This parable of the last days of civilisation as we know it takes place mostly underground, as the survivors of what seems to have been an accidental missile exchange wait for each other to die. The letters of the title are interior monologues by an elderly scientist (Bikov), addressed to the son he knows must have perished amid the briefly glimpsed devastation on the surface. What is most remarkable to find in a Soviet film, apart from the resolutely unpartisan pessimism, is a clear religious thread. The band of silent children who represent the hope of the future are initially in the care of a priest, before the dying scientist takes upon himself their salvation. Old hands will detect shades of Tarkovsky in this; in fact, Lopushansky was assistant on Stalker. —Time Out
Andrey Tarkovsky’s disciple, consistently realizing his master’s spiritual and aesthetic principles in his own creations, Konstantin Lopushansky is one of the few Russian film directors whose works can be referred to the notion of “author’s cinematography”. He challenges most complicated artistic tasks in his films, each of them being the evidence of painstaking intellectual work and deep personal emotional experience.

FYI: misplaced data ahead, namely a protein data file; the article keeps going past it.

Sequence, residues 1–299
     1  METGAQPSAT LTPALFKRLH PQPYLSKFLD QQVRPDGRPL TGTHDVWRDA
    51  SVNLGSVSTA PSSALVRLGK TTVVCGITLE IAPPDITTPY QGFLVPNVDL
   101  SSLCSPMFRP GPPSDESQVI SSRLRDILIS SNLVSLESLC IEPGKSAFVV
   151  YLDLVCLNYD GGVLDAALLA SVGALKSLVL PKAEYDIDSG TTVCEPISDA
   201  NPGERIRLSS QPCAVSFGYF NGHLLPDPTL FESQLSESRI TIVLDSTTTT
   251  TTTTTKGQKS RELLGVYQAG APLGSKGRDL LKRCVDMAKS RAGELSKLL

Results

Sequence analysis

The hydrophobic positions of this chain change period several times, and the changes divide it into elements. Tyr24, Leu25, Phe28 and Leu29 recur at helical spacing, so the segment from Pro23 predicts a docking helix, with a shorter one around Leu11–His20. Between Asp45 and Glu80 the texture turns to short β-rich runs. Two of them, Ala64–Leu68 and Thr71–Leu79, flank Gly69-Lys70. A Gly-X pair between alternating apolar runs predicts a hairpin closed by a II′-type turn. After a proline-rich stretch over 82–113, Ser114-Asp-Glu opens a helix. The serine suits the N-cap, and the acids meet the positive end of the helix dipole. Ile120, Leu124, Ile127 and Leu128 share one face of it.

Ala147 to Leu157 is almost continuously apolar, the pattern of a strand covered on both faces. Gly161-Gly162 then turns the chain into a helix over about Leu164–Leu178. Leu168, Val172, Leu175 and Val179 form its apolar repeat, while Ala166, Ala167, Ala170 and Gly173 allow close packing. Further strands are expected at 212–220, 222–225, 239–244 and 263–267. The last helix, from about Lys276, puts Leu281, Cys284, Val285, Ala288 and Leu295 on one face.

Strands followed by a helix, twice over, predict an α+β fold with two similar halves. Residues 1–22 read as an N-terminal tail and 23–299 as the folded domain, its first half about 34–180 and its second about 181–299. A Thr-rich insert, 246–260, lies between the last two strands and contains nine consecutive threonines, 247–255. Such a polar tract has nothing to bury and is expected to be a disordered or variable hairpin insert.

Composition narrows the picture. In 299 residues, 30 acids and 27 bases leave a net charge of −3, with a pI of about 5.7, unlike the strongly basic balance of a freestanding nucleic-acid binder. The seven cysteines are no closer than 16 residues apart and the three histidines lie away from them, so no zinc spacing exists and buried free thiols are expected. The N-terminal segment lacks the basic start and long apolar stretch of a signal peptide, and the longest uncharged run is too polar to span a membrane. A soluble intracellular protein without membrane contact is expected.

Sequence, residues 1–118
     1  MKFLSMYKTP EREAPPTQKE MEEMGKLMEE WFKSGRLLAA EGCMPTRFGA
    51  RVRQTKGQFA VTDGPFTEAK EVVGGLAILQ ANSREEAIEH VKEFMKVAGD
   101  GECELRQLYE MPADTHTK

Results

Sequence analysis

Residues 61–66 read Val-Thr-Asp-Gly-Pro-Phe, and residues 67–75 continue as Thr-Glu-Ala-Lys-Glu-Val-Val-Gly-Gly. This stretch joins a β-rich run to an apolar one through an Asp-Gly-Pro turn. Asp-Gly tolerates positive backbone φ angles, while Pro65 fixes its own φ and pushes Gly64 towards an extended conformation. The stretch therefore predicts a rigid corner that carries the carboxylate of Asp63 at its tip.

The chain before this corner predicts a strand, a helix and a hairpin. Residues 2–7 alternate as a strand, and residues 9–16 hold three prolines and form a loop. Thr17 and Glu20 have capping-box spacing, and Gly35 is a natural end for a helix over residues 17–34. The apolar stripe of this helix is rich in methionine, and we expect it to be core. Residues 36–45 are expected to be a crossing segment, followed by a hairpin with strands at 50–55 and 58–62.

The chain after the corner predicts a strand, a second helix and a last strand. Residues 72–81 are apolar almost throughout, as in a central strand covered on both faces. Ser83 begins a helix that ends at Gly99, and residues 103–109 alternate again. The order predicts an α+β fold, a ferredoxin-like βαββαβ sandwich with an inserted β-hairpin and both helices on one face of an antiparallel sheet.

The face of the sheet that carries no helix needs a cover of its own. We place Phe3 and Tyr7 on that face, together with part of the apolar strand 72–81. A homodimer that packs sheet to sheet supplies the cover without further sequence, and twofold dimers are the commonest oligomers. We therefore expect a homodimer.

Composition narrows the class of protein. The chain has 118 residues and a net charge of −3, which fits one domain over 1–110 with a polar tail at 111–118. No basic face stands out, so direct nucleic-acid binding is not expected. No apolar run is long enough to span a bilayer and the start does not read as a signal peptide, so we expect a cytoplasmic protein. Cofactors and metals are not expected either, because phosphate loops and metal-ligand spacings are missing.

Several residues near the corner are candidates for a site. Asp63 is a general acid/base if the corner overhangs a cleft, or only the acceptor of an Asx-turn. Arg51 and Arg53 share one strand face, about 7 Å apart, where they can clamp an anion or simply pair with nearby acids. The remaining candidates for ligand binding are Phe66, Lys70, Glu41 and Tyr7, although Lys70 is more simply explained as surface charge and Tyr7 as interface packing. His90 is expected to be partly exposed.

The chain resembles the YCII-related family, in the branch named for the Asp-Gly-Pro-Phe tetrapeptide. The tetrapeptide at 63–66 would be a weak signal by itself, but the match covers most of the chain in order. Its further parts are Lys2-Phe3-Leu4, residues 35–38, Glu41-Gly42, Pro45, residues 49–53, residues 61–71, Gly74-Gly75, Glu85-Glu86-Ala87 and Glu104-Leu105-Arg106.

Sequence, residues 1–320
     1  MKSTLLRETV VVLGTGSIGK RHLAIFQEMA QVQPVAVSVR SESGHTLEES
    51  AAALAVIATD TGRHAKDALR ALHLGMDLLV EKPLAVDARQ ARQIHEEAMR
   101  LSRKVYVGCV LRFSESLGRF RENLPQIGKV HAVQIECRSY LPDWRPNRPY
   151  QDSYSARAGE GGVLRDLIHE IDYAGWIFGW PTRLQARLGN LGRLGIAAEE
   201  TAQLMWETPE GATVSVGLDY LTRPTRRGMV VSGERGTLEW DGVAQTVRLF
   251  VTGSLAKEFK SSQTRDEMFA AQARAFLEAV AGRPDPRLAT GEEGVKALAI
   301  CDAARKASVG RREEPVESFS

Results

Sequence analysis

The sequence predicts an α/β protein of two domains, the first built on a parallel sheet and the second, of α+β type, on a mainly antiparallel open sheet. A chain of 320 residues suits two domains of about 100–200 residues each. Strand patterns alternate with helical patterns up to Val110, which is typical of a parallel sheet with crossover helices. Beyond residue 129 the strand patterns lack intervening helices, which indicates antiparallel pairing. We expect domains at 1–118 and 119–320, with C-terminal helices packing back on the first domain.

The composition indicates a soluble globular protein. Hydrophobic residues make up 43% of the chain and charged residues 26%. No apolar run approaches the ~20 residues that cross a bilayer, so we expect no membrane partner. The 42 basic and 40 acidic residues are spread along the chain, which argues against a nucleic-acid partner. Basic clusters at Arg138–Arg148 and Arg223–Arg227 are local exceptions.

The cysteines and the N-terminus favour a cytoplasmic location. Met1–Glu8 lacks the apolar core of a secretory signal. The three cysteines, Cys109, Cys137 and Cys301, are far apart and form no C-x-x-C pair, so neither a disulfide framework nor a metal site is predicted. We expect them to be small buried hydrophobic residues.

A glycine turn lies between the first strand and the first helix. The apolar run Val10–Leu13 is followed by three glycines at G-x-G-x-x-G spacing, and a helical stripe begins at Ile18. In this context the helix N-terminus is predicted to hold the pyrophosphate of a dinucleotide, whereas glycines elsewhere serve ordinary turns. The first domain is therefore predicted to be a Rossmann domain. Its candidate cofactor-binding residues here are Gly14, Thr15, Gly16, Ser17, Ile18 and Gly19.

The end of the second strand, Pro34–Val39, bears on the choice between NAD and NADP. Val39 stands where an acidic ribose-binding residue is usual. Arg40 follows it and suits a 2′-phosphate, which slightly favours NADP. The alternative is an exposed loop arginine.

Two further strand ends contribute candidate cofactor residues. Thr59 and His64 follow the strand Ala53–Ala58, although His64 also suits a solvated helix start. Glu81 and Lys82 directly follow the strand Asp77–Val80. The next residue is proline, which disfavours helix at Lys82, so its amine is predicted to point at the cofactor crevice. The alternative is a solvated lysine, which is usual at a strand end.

Konstatnin Sergeyevich Lopushansky was born on June 12, 1947 in the city of Dnepropetrovsk. In 1970 he graduated from Kazan conservatoire as a violinist, and in 1973 he completed a postgraduate course in Leningrad conservatoire with a Ph.D. thesis in art criticism. Then Konstantin Lopushansky taught at the Kazan and Leningrad conservatories for several years, before taking the Higher Courses for Scriptwriters and Film Directors. Upon graduating the courses in 1979 he assisted Andrey Tarkovsky in directing the legendary film Stalker. Since 1980 Lopushansky has worked… read more
"Military reference books are now priceless on the black market, because of thick hard covers and natural paper pages. They produce a good heat output in autonomous heating systems. Now we have a different scheme for grading literature."
A stunning, nightmarish and deeply humanistic piece of work, the fact that they manage to create such a vivid, scary and palpable post-apocalyptic vision of the world almost 30 years ago puts current cinema to shame.